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Not Feeling Goodmornings in Hammies

i’ve done some goodmornings for 3rm. i seemed to feel it most in the lower back, whereas i think the hams should be targeted the most. am I doing something wrong or is this normal?
any good article/vid that teaches goodmornings well? nowadays it’s a rare exercise.

Imagine someone has a string tied to your bum and is pulling your hips directly backward. That should be the motion, not simply a bend at the waist, which will be all erectors.

I like good mornings, but I would recommend leaving a little bit in the tank at all time when performing them. In other words, a 3 rep set probably shouldn’t be a true 3RM. Go a little low just to play it safe.

Also, I mainly feel it in my glutes, which is how I believe it should be.

damnit. how much do i bend me knees then? i’m doing it with little bend so the only way i can go down is by bending 0.0

I think you misunderstood what he meant. For me it always helps to just think of pushing my hips back. i dont think of it as bending over at all. Just keep pushing them back and you’ll get into position. If i cheat and bend at my waist i dont feel it as much in my hamstrings, but if im pushing my hips back i get a really tight stretch. SO just keep pushing the hips back.

Just think of doing an RDL with the bar on your back.

you’re bowing down thats why its in your lower back.

like any hip exercise, shoot your bum back and sit back while keeping your core tight.

Your hips should act like a lever to lower the torso like your going into a squat.

Besides what everyone else had said about pushing your hips back, dorsiflexing your toes inside your shoes so you are on your heels always seem to help me, in RDL and SLDL’s too.

You might feel it more if you lighten the load and do more than three-rep sets.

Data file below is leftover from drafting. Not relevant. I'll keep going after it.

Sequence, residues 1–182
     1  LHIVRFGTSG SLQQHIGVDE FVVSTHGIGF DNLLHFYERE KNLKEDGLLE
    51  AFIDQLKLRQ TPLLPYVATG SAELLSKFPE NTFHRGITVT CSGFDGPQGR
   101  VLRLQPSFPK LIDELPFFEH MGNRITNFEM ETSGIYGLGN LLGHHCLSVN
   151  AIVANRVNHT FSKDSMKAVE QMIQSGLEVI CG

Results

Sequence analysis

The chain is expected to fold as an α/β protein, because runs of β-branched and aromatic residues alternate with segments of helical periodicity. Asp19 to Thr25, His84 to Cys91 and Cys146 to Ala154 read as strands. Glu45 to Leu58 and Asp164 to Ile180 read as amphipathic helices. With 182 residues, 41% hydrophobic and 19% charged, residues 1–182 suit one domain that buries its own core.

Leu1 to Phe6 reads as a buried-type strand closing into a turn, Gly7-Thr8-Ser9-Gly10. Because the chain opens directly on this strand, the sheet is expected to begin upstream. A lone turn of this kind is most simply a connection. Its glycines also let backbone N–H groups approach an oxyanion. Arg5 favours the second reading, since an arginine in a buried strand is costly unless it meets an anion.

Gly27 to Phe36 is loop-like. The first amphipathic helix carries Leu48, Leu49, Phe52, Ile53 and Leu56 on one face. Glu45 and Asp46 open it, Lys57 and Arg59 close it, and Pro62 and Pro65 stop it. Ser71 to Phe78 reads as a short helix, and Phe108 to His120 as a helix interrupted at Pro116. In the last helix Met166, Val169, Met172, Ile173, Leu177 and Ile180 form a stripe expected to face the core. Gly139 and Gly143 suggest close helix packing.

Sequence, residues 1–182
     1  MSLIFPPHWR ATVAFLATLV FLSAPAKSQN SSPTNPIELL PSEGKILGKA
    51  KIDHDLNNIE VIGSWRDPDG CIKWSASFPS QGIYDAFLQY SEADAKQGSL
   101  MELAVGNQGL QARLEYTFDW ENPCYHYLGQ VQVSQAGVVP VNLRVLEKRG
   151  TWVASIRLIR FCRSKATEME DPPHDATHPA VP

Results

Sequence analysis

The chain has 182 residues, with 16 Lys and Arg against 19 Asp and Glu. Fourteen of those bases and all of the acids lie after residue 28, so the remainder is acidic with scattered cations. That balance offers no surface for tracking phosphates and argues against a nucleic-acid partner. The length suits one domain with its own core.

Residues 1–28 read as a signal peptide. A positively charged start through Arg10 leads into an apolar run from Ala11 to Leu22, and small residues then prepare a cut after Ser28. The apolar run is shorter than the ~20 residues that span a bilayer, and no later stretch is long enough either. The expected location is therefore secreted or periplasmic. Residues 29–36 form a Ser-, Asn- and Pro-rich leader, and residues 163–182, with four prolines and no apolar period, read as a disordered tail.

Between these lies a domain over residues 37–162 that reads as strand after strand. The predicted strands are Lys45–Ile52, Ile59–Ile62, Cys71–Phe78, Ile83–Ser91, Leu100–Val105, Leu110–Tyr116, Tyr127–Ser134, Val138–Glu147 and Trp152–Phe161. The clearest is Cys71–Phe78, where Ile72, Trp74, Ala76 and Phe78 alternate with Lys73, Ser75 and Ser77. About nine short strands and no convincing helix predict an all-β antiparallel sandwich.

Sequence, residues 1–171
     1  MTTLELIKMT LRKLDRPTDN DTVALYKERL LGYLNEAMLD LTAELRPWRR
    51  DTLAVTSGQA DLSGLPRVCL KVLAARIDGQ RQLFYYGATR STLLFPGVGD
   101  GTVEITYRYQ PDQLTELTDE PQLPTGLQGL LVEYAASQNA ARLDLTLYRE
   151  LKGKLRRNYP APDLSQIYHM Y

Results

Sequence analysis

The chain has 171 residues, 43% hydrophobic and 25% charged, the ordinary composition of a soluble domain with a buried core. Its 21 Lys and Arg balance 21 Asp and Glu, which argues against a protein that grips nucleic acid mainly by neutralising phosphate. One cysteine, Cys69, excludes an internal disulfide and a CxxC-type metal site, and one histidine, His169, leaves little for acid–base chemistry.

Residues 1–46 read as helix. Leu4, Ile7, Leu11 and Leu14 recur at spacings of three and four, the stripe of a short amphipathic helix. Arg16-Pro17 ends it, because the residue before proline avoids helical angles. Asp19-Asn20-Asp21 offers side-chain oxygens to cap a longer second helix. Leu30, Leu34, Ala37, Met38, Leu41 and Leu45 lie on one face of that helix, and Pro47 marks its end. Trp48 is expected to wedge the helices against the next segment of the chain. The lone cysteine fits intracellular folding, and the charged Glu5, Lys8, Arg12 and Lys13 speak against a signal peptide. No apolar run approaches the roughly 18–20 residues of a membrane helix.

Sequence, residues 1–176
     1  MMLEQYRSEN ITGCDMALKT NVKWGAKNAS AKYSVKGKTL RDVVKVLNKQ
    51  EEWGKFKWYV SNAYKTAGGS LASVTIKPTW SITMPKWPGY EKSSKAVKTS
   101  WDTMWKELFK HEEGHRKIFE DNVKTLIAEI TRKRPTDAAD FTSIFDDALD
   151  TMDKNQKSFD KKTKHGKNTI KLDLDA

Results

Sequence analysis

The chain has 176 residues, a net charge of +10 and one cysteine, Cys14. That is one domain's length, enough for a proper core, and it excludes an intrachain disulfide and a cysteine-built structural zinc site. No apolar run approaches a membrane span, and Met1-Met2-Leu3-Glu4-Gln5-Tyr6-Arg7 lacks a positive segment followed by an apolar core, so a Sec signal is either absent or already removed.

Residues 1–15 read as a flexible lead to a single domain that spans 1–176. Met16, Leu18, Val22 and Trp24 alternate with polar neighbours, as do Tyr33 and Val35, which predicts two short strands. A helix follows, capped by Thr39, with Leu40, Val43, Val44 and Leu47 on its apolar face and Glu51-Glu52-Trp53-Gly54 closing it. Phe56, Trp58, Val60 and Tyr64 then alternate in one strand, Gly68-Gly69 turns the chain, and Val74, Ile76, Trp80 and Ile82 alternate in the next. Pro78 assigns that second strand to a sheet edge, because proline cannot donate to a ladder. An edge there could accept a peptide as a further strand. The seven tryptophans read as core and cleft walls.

Thanks guys I think the problem was bending at the waist and not thinking SLDL style.
what is the difference between SLDL/RDL and GM’s then, other than bar position?

An SLDL with the bar on your back is what it sounds like you’re doing atm (ie just bending over at the waist).

With an RDL you push your hips BACK and as a result the weight will stay close to or touching your body the entire time.

The hips going BACK and NOT just bending over is what you wanna be doing with GMs.

Just remember to keep your lower back arched (not rounded) as hard as possible. Check out this video on elite. Has some good information in it.
http://asp.elitefts.com/qa/default.asp?qid=66463&tid=

This applies to good mornings, sldl, and rdls.

thanks hanley. never knew that about sldl (thought rdl/sldl were almost same.)

jake, that’s a good video :slight_smile:

[quote]kickureface wrote:
thanks hanley. never knew that about sldl (thought rdl/sldl were almost same.)

jake, that’s a good video :)[/quote]

Hey, no problem. Glad I could help. Remember too when keeping a solid arch, it is hips pushed back and abs and chest pushed out.

[quote]Jakebambeeno wrote:
Just remember to keep your lower back arched (not rounded) as hard as possible. Check out this video on elite. Has some good information in it.
http://asp.elitefts.com/qa/default.asp?qid=66463&tid=

This applies to good mornings, sldl, and rdls.[/quote]

bingo. You can do them with a rounded/flat back but it’s going to hit the lower back more than the hammies. For lower back I like seated GMs better than rounded/flat back GMs. Rounded/flat back GMs may be better for wrestlers or strongman, where and arched back may not be best or posible in the lift.